Digital Communications With Amateur Radio


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with Amateur Radio

The Complete

Packet Radio Book


Jim Grubbs


!ladle IhaeK



This bookwas developedand published by: Master Publishing, Inc.

Richardson, Texas

Designand artwork by: PlunkDesign Dallas, Texas Editing by: Charles Battle Plano, Texas Printingby:

ArbyGraphic Service, Inc. Chicago, Illinois


Allphotographsnot credited are either courtesy of Radio Shack or Master Publishing photographs.

Copyright© 1988 MasterPublishing,Inc.

14 Canyon Creek Village MS31 Richardson ,Texas75080 All RightsReserved


Reproduction, publication,or duplication ofthis book, or any part thereof, in any manner, mechanically, electronically,or photographically is prohibited without the express written permissionof the publisher.

The Author, Publisher or Seller assume no liability withrespect to the use of the information contained herein.

For permissionand otherrightsunderthiscopyright, write MasterPublishing,Inc.



Table of Contents






Establishes the joining of computer digital techniques and Amateur Radio in packet radio. Surveys status, features and equipment required.

Page 1-1


Digital Communications Techniques


Explains the difference between analog and digital signals; serial and parallel, simplex, full-duplex, and half-duplex asynchronous and synchronous data transmissions; and DCE and DTE physical connections.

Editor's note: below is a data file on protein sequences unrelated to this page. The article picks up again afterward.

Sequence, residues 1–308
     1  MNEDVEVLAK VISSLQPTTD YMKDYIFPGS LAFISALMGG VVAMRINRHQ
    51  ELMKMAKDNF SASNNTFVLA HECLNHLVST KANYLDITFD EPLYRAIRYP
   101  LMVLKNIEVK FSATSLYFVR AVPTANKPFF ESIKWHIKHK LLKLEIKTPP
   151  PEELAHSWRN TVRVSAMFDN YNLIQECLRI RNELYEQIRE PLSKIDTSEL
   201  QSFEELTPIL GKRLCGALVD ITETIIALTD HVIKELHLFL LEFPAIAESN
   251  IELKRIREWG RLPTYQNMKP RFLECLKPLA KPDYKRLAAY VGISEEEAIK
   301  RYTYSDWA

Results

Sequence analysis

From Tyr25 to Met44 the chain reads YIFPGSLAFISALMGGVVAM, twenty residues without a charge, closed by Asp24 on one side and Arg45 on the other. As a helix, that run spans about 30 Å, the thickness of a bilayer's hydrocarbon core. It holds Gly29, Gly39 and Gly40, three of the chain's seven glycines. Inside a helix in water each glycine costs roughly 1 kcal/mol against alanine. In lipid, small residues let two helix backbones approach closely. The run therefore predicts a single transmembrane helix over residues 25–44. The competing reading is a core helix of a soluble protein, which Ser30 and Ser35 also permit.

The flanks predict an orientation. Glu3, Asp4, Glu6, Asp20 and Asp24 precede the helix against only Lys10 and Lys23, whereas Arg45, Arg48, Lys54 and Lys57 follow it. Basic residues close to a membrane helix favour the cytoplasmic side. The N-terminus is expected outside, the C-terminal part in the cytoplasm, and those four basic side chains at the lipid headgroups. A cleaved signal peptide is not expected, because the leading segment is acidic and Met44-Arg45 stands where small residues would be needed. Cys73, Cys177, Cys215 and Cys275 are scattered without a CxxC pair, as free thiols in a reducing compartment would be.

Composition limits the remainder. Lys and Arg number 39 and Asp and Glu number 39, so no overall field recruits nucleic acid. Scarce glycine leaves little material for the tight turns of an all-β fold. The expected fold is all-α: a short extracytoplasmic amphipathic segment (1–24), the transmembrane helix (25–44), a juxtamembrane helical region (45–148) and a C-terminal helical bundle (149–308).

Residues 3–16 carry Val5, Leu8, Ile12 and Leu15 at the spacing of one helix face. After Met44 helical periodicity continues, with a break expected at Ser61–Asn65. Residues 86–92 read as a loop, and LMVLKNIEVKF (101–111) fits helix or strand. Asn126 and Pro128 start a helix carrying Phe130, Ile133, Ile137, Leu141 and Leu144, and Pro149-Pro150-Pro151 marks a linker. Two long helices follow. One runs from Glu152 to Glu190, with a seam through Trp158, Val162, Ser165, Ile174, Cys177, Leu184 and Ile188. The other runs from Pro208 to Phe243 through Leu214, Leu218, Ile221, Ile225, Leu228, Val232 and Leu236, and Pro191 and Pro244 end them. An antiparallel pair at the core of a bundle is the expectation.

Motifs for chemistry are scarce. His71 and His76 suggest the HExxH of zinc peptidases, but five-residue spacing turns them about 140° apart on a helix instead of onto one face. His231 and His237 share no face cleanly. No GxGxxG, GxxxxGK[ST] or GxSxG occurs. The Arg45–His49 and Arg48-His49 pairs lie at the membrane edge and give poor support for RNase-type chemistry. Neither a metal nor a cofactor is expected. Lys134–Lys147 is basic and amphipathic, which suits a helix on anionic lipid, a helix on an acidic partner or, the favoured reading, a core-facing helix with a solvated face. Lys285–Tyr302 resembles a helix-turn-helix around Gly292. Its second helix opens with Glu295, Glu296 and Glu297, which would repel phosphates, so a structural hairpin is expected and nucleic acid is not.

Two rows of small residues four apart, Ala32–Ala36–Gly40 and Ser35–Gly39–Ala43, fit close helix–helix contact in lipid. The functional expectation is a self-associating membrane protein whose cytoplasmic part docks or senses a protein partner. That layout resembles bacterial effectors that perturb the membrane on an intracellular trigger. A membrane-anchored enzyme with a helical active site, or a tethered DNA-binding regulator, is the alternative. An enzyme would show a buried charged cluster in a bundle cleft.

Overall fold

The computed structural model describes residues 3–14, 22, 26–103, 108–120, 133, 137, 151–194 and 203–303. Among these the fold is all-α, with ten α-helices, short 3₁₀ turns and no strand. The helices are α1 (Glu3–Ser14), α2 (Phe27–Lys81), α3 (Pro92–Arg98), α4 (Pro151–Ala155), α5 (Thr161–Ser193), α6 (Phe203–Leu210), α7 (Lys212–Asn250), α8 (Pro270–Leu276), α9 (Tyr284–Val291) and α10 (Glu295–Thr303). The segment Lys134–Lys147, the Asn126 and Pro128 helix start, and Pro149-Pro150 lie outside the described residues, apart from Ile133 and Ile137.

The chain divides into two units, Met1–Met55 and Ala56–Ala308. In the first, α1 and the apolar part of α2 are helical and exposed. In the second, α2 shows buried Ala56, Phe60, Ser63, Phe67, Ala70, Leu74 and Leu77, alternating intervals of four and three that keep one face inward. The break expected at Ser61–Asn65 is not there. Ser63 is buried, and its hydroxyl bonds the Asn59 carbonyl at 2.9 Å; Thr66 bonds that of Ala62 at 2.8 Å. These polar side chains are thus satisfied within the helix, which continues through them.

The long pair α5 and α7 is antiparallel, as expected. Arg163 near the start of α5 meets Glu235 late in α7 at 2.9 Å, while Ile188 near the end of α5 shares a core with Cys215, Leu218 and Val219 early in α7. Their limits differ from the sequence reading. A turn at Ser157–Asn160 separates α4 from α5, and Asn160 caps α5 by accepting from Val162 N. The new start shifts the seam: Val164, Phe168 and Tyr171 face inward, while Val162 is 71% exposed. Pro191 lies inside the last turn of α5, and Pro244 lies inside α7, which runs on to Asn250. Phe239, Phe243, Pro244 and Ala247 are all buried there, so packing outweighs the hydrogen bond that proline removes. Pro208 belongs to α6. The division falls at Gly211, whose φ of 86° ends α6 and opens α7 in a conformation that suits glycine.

Amateur Digital Communications


Describes Morse, Baudot, ASCII, extended ASCII and AMTOR digital codes. Discusses error correction and the equipment used to interface DCEs and DTEs.


Packet Radio Communications


Provides an understanding of error-free data communications, the OSI networking model, X.25 and AX.25 and other protocols, and what it takes to create a packet radio system.




Terminal Node Controller


Reviews what a terminal node controller is and the evolution of the various types of controllers. Uses a TNC for a sample connection.


Operating Modes


The various packet operating modes are discussed and the commands used for their control. Packet bulletin boards are explained.




Explains the use of digipeaters in local area and wide area networks, and the special case of BBS networks.


The PC as




Answers the question, "How can a personal computer be used as a terminal node controller?"


Packet Radio Accessories, Innovations and


Provides understanding of terminal emulator programs for PCs, packet accessories, specialized modems and packet radio organiza-tions.

10. Packet Satellite Operation

Treats the special subject of packet radio via satellite links. Covers

the OSCAR satellites, Amateur Radio in space, and some predictions for the future.

Trademarks AppendiX Glossary Index 9-1 10-1 T-1







(Store and) Forward

It is without exaggeration that we compare the arrival of packet radio to the signifi-cance of other communications innovations such as single-sideband, FM-repeater, satellite relay and cellular mobile telephone. Each of these innovations did not com-pletely displace earlier developments, but each contributed vast improvements in communications efficiency. So it is with "packet."